The following properties of Q-Q plots and probability plots make them useful diagnostics of how well a specified theoretical distribution fits a set of measurements:
If the quantiles of the theoretical and data distributions agree, the plotted points fall on or near the line .
If the theoretical and data distributions differ only in their location or scale, the points on the plot fall on or near the line . The slope a and intercept b are visual estimates of the scale and location parameters of the theoretical distribution.
Q-Q plots are more convenient than probability plots for graphical estimation of the location and scale parameters since the x-axis of a Q-Q plot is scaled linearly. On the other hand, probability plots are more convenient for estimating percentiles or probabilities.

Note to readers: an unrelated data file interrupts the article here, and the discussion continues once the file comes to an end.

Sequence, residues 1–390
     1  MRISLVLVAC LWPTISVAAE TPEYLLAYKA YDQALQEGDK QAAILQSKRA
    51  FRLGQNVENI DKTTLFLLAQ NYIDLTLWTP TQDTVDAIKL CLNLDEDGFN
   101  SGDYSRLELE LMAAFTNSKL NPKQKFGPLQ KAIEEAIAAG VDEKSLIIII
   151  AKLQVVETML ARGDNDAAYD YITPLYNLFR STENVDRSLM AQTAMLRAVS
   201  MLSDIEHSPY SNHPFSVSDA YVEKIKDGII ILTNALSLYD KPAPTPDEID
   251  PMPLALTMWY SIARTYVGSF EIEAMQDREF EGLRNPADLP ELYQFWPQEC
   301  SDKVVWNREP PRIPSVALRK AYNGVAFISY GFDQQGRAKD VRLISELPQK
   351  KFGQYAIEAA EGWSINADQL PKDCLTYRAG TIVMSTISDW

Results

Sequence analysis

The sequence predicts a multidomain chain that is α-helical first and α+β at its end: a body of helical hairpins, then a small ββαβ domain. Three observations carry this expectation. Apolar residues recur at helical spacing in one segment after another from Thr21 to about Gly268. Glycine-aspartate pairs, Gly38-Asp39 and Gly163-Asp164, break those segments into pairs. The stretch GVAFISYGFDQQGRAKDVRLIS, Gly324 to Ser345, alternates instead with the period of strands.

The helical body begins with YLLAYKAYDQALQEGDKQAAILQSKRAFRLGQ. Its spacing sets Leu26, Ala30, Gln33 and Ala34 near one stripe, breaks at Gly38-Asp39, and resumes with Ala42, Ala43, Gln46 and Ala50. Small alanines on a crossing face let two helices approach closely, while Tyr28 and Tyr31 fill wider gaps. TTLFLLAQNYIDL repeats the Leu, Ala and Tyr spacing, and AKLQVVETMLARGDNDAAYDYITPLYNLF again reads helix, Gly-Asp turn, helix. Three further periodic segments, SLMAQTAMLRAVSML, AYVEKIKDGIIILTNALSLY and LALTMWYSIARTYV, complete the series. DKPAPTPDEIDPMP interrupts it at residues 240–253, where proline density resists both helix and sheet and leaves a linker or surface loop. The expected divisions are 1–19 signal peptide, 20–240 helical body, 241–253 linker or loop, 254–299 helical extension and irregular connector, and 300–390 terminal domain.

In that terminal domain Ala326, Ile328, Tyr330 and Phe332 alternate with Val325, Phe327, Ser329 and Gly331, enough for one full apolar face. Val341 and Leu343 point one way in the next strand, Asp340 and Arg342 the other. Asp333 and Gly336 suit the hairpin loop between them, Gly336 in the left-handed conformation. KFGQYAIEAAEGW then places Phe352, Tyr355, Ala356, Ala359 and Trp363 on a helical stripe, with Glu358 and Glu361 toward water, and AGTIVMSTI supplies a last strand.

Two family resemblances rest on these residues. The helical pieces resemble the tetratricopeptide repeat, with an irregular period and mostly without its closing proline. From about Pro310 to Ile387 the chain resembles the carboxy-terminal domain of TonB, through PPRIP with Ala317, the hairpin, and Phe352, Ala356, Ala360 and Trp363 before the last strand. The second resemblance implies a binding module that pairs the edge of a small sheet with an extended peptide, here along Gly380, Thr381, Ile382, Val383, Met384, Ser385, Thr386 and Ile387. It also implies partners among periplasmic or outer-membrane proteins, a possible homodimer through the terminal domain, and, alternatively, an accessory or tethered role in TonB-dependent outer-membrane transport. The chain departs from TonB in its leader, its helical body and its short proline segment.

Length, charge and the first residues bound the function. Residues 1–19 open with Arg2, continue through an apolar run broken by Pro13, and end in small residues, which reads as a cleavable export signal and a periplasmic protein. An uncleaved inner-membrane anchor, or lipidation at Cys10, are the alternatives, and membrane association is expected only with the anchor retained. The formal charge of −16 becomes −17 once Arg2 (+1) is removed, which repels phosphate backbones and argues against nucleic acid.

There are many reasons why the point pattern in a Q-Q plot may not be linear. Chambers et al. (1983) and Fowlkes (1987) discuss the interpretations of commonly encountered departures from linearity, and these are summarized in the following table.
Table 5.70: Quantile-Quantile Plot Diagnostics
Description of Point Pattern |
Possible Interpretation |
---|---|
All but a few points fall on a line |
Outliers in the data |
Left end of pattern is below the line; right end of pattern is above the line |
Long tails at both ends of the data distribution |
Left end of pattern is above the line; right end of pattern is below the line |
Short tails at both ends of the data distribution |
Curved pattern with slope increasing from left to right |
Data distribution is skewed to the right |
Curved pattern with slope decreasing from left to right |
Data distribution is skewed to the left |
Staircase pattern (plateaus and gaps) |
Data have been rounded or are discrete |
In some applications, a nonlinear pattern may be more revealing than a linear pattern. However, Chambers et al. (1983) note that departures from linearity can also be due to chance variation.